September 18, 2022

  “Balm in Gilead”

(Jeremiah 8:18-9:1)

My joy is gone, grief is upon me, my heart is sick.

Hark, the cry of my poor people from far and wide in the land:

“Is the Lord not in Zion?  Is her King not in her?”

(Why have they provoked me to anger with their images, with their foreign idols?)

“The harvest is past, the summer is ended, and we are not saved.”

For the hurt of my poor people I am hurt,

I mourn, and dismay has taken hold of me.

Is there no balm in Gilead? Is there no physician there?

Why then has the health of my poor people not been restored?

O that my head were a spring of water, and my eyes a fountain of tears,

So that I might weep day and night for the slain of my poor people!

It was a morning about 25 years ago when I walked out onto my front porch getting ready to walk the dog.  There was a plastic bag hanging on the outside doorknob.  Curious, I picked it up and looked inside.  A mesh bag full of onions met my eyes and my nose.  Attached was a note from my friend that said, “In case you need to cry….” 

Well, of course I did need to cry.  My sister was dying of cancer, my mom wouldn’t be with us much longer and my marriage had fallen apart.  A few days earlier I had confided to my friend that I had simply been unable to cry in the midst of all this….   

Every time I read this morning’s text, Jeremiah’s lament about grieving, I go back to that day.  “O that my head were a spring of water, and my eyes a fountain of tears, so that I might weep day and night….” 

Most of us at some time or another have known what it means to say with Jeremiah, “My joy is gone, grief is upon me, my heart is sick.  I need to weep day and night.” 

To think that we can live life without ever suffering this sort of pain is to deny the reality of human life.  Over the years people have come to me, saying things like, “Where is God when I am having all this trouble?  Life shouldn’t be this painful.  I’ve been praying and begging and still no let up on the misery.” 

When we love people and creatures, we are going to suffer when they are in pain or dying.  Because there are realities such as disease or accidents, we will suffer—for ourselves or on our loved ones’ behalf.  

And there are times when we or our loved ones will make bad decisions.  Through our words or actions, we may cause others pain, but, then, there are the times when we will have to watch while people who are precious to us suffer the consequences of their own behavior.  Unfortunately, that is profoundly painful.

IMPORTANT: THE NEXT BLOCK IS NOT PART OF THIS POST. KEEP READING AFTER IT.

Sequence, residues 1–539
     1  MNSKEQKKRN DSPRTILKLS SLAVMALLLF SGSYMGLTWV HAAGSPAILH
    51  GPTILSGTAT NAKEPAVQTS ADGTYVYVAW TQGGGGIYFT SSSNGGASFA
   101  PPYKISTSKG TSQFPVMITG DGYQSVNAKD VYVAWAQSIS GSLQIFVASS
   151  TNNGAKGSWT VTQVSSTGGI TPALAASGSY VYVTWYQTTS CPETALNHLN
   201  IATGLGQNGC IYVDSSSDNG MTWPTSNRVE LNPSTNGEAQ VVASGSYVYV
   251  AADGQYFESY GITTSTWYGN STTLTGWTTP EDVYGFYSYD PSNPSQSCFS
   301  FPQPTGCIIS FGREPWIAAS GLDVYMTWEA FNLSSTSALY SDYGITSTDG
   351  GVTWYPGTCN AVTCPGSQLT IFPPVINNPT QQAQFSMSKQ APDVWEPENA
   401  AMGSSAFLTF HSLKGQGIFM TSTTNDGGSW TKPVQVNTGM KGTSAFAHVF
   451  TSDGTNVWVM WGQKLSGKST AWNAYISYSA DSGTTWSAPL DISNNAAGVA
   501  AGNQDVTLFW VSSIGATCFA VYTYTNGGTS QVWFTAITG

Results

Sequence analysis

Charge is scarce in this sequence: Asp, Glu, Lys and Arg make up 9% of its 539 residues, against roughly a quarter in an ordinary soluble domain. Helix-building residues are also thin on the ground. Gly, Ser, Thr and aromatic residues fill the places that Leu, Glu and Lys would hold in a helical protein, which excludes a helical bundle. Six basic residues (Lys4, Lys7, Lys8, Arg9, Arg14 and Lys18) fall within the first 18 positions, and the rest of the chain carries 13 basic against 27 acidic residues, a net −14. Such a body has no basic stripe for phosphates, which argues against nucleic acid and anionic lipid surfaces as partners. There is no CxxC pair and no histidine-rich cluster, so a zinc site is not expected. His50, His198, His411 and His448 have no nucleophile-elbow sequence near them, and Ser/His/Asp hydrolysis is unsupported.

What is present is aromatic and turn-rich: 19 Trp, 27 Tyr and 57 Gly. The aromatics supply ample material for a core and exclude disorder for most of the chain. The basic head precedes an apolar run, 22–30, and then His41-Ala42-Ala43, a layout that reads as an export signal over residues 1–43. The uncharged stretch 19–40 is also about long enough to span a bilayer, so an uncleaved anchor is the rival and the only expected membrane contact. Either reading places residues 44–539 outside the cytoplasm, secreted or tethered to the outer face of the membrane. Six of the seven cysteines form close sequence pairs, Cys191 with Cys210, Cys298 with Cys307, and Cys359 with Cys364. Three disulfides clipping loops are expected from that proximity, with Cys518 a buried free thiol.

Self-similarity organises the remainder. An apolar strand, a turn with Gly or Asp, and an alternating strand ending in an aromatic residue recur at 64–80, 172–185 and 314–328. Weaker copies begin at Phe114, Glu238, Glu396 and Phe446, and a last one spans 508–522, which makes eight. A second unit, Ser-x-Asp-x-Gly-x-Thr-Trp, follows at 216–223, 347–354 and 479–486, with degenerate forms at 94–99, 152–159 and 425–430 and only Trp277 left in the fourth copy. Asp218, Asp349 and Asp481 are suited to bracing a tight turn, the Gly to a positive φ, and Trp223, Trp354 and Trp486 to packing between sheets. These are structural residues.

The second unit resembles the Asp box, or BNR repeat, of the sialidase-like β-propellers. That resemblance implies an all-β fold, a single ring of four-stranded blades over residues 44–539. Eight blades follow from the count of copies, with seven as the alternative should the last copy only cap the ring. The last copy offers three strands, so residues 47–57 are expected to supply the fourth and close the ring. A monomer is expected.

But then there are times when bad stuff just happens through no one’s fault.  Insurance companies might call such things “acts of God,” but you and I both know that’s not so.     

In times like these we may have wondered, what happened to my joy?  Along with Jeremiah (though we will probably use different words), we will ask, “Is there no balm in Gilead?”  Is there no relief from this pain?  Where is God?  Why hasn’t God come to my aid?

            We are told that the thing with Jeremiah’s people was that they, themselves, had caused much of this pain that they were suffering.  They had forgotten God; they had been provoking God to anger with their foreign idols; they had been ignoring God.  Jeremiah and the people were left trying to come to terms with the consequences of their and their country-people’s actions.  Now their nation was being overrun by the Babylonians and, later, many of the people would be captured and sent into exile.

            This kind of pain they were experiencing was unbearable.  It’s no wonder that they were asking, “Is there no balm in Gilead?”  And it’s a fair question.  None of us expects to be miserable and hurting in this life. 

You may be suffering with disease or constant pain, or you may be the parents or spouse or child of one who is suffering.  You may be grieving the death of a loved one.  You may be worried about a child or another loved one who is engaged in risky behavior.  You may have a loved one who is in the middle of a marriage going bad.  Or you may be concerned about the future of our world.  We wonder if this old earth will be here for our grandchildren….